Consumer Units

Replacing a Consumer Unit (aka fusebox) is a very common request.

There are several reasons to upgrade your consumer unit:

  • Your old one might be damaged.
  • The Prospective Fault Current may be too high for the unit (explanation coming)
  • There may not be enough space to add new circuits.
  • You may wish to upgrade to a safer system. 

Older units had fuses with fuse wire, (often the wrong size!) which rely on a fault generating enough heat to melt a piece of wire to protect you! Then, once you've cleared the fault you have to rewire the fuse, off course it's dark and the batteries in the torch are flat! These units are still OK to use as long as they are in good condition but have limitations if you need to upgrade parts of your installation. Wiring regulations aren't retrospective but old equipment may not be adequate or safe if new wiring or equipment is being installed.


Modern Consumer Units use safety cutouts called RCDs and MCBs instead of rewirable fuses.


From January 2016 all new consumer units have to comply with BS7671:2008 amd3 2015.

These require Consumer Units to be constructed of fire resistant materials (ie metal).

This regulation was added because of reports of fires in Consumer Units that are often sited adjacent to escape routes (stairwells, main entrances etc.). Also, in my view, the metal units are much more solid and a better job!

More on RCDs and MCBs

 

What type of Consumer Unit?

There are two main types of Consumer Unit:

  • 'Split Board' uses 2 (or more) banks of MCBs each protected by a single RCD. The circuits are split between the RCDs so that if an RCD Trips there is lighting or power available on each floor of the property.
    Advantage, Cheaper
    Disadvantage, if an RCD Trips or is faulty all the circuits it protects are inoperable.
  • All RCBOs, an MCB and RCD in one unit, each circuit has its own dedicated RCBO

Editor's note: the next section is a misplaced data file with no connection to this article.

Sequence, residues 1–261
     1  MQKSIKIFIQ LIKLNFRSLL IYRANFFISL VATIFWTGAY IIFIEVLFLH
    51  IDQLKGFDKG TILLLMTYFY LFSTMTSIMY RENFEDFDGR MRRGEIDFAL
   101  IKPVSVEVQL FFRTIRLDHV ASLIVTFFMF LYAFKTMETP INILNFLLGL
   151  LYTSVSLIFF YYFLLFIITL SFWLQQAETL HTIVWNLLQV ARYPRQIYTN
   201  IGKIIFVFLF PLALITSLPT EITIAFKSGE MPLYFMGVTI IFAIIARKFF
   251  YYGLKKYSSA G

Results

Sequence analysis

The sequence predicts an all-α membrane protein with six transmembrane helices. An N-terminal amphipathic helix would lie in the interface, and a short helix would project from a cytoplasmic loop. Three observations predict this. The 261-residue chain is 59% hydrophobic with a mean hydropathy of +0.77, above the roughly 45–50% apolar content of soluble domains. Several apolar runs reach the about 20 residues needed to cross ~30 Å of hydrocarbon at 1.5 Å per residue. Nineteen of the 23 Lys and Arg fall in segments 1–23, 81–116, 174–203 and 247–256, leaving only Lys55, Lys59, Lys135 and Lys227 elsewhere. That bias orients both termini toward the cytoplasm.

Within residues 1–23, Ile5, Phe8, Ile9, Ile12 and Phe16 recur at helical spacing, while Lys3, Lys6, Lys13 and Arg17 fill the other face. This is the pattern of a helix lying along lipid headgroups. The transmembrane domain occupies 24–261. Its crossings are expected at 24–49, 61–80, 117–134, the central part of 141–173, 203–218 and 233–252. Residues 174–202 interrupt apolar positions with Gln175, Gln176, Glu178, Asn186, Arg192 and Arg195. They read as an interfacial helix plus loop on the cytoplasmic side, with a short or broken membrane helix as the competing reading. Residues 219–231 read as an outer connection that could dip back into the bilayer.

Advantage, minimum disruption of RCBO trips or is faulty.
    Disadvantage, more expensive (although coming down in price)

The above types can be combined so that important circuits have a dedicated RCBO.

 

There are also a number of specialist Consumer Units for special situations ie 'Skeleton Boards' to fit into 'Mantel' enclosures as used in Local Authority housing in the 50s and 60s. Compact boards where space is tight and so on.


Fitting the Consumer Unit:
The Consumer Unit controls and protects every electrical circuit in your home or premises. I will make some preliminary tests before providing an estimate for fitting a new consumer unit to get an idea of the condition of the installation. I will, as a minimum, measure things like the condition of the main earth and check there aren't any obvious dangerous faults.

Ideally, the best course of action is to comission a full 'Electrical Installation Condition Report' to avoid, as much as possible, any unforeseen works (and therefore costs!). However, this is at your discretion.


Isolating the Supply
When replacing a Consumer Unit the power supply has to be isolated to allow safe connection of the new unit.

No electrician should ever be working on a live installation!

As there is a disruption in the power supply you will have make arrangements for appliances like freezers and tropical fish tanks. Modern freezers are usually OK for a few hours but dropping in some freezer packs to be safe might be a good idea.

 

Scope of work

When fitting a new Consumer Unit the entire installation has to be inspected and tested. A Electrical Installation Certificate (EIC) is issued containing notes from the inspection and all the test results. Any dangerous faults will have to be rectified before the system can be reconnected.

All being well on completion of the works I will issue you with an EIC and submit a notification to the Local Authority Building Control (LABC) through my Competent Person Scheme, ELECSA as required under Part P of the Building Regulations. You will get e receipt for the notification from me and your Local Authority will issue you with an acknowledgement in about 6 weeks.


If the installation is all good then it will not have to be inspected for 10 years (ir in next change of owmership.(5 if a rented property)

 

Conclusion:

As you can see from the above description that there is no such thing as a standard Consumer Unit change as some companies advertise. I always check the installation before giving an estimate and discuss your requirements for now and the future. (you wont want to be replacing the consumer unit again when you build that extension in 3 years time!)

 

Give me a call if you would like to discuss a Consumer Unit upgrade or request an estimate.

 


More information:

Electrical Safety Council:

Consumer Unit Replacement in Domestic Premises